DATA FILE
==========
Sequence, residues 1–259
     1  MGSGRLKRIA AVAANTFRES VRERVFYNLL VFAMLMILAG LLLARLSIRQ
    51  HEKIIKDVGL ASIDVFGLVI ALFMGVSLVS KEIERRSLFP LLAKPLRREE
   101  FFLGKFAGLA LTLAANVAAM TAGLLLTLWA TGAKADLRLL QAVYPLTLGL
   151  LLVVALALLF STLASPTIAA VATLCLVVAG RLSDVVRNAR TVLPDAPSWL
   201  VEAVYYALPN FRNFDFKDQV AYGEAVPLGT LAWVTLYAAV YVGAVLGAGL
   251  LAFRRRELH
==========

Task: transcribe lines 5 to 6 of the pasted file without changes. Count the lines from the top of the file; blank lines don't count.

   151  LLVVALALLF STLASPTIAA VATLCLVVAG RLSDVVRNAR TVLPDAPSWL
   201  VEAVYYALPN FRNFDFKDQV AYGEAVPLGT LAWVTLYAAV YVGAVLGAGL